Masters in Public Health

I was wondering if anyone has any advice they can offer on my situation. I am graduating this semester and still have several pre-med classes to take. I was interested in getting a masters in public health along the way too.

I met with a public health advisor to see if in those 2 years of finishing the masters work, I could try to incorporate pre-med coursework. She said I could at most take one pre-med class a semester. This sounded great!

However, my pre-med advisor said that I would not be a competative applicant for med schools because I would not be taking two hard science classes in a semester. Is this true? Does the fact that I would be getting a masters compensate for this?

Any thoughts would be greatly appreciated!

Another option for getting your MPH is to do in during medical school. More and more medical schools are offering dual degree programs - MD/JD, MD/MBA, MD/MPH to name a few. At my school, you do the MPH portion between your second and third year of medical school. There are also several different focuses for an MPH - public policy, clinical research, etc. We have a great MPH in clinical research program right now where not only is your tuition paid for by the NIH, you also receive a stipend.

I think Amy’s (Emergency’s) advice about doing the degree while in school is very compelling. I know of at least one school that offers an MPH that has about half its credits shared with regular medical school curriculum, making it considerably less work than doing the standalone degree followed by MD/DO. If you can squeeze in some courses in the spring and summer, you will only need to take like 4 extra credits during your whole four years of medical school, and you get an MPH out of the deal. Undoubtedly other schools have similar arrangements.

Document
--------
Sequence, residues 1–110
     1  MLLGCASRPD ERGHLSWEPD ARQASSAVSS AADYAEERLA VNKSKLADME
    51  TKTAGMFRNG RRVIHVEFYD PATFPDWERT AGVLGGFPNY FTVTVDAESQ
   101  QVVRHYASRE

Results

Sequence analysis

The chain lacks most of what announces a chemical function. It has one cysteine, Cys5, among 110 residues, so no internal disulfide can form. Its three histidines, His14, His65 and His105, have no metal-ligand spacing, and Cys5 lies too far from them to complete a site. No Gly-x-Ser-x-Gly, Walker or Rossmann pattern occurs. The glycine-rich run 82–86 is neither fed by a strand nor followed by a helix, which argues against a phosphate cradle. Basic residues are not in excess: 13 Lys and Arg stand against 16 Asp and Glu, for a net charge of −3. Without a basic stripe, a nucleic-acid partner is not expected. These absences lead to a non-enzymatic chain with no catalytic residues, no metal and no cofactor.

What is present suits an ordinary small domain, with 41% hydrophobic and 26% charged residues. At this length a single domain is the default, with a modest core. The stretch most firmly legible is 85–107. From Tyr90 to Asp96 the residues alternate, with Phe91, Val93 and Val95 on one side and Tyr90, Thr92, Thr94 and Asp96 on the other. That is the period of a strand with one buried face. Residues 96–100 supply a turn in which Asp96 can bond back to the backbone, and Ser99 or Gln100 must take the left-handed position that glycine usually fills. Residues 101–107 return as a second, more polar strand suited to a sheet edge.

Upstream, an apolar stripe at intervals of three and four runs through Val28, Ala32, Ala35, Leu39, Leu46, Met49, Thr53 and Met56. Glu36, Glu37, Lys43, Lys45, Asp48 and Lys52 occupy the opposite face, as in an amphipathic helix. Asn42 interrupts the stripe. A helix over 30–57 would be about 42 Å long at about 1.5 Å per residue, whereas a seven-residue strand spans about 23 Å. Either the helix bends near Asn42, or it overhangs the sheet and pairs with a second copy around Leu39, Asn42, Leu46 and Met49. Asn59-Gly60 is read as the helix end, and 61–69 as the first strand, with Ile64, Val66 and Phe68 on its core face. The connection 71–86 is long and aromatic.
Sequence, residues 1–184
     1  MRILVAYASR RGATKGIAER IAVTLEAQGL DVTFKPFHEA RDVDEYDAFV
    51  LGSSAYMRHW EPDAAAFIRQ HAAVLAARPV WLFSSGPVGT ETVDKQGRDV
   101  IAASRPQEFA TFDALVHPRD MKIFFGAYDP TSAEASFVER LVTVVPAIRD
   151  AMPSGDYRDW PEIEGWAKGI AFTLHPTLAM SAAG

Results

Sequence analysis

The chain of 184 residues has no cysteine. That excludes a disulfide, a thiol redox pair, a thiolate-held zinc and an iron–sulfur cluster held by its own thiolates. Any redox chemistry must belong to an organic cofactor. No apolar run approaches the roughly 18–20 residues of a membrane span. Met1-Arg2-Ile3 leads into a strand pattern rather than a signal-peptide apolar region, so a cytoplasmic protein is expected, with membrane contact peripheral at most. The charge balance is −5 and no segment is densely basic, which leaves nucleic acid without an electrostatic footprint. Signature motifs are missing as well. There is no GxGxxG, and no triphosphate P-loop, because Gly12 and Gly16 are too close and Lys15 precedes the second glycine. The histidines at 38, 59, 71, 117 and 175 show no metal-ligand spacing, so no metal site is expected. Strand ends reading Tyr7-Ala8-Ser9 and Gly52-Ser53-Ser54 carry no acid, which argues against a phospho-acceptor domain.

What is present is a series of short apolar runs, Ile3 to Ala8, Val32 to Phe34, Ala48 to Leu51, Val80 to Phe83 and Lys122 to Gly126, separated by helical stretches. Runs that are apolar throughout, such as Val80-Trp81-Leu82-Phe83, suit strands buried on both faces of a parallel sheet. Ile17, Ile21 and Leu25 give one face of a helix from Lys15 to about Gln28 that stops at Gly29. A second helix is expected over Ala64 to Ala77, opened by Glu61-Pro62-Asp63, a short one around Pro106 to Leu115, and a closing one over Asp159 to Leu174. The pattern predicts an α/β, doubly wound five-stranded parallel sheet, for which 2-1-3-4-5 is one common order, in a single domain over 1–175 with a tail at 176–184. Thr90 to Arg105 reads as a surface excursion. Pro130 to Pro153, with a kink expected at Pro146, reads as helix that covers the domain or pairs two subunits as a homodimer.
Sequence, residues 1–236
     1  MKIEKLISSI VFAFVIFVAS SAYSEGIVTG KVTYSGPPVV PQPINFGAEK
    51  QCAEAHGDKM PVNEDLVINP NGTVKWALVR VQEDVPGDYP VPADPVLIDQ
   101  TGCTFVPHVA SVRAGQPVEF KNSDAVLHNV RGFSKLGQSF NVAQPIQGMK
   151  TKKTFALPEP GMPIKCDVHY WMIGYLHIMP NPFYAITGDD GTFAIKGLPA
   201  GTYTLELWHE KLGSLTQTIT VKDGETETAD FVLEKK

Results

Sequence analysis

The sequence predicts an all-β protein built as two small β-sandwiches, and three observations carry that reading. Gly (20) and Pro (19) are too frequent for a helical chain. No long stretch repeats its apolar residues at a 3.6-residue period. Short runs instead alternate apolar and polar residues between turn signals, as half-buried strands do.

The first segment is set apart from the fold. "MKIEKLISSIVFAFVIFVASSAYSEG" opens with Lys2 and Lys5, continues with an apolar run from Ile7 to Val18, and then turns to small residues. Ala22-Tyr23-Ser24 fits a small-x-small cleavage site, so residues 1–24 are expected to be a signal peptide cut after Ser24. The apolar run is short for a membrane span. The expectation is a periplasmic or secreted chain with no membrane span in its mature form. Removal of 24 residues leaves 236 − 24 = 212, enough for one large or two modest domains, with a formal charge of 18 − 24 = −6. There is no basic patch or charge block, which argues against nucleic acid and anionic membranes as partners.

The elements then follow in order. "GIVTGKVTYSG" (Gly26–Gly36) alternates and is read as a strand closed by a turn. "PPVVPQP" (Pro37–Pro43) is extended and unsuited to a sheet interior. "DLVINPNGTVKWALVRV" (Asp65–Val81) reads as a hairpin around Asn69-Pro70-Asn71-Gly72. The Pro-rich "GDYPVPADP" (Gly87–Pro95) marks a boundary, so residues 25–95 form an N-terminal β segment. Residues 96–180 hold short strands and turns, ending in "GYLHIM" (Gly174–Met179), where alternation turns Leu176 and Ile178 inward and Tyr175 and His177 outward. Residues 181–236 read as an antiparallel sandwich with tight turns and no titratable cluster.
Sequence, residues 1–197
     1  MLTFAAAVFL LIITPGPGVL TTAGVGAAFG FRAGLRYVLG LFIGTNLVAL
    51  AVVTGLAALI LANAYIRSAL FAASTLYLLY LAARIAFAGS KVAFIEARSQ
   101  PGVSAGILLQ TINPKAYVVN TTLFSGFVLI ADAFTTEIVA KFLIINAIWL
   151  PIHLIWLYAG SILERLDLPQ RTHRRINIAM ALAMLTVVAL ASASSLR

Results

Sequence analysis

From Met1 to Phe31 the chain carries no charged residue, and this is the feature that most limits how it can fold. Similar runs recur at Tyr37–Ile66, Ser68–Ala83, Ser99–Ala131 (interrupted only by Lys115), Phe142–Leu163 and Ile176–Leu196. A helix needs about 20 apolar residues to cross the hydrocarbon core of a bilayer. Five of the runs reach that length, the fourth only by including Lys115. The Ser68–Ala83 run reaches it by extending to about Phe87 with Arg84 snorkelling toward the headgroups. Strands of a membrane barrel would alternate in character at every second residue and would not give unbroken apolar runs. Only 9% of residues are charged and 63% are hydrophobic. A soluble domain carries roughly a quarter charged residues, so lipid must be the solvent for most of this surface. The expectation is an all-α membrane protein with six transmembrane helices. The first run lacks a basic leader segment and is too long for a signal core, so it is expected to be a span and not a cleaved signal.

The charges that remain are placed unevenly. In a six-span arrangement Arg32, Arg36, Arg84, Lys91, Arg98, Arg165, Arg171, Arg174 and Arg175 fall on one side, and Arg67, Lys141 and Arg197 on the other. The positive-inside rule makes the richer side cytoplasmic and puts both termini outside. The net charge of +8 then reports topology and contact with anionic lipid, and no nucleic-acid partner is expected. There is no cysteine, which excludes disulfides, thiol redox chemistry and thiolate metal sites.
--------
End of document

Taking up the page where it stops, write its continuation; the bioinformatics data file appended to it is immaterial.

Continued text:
Regarding your premed advisor’s comment about needing to take >1 prereq per semester, I suggest you ask him for some statistics to back that up. Just how many medical schools, especially out of the ones that you’re interested in attending, have this kind of preference? My guess is, very few. The Wash U’s, Yales, and Hopkins, the heavy research oriented schools may prefer to see a heavier dose of science but most med schools these days want to see diverse and broad backgrounds in their candidates because it’s been demonstrated that people with broad backgrounds tend to make good physicians.

Good luck,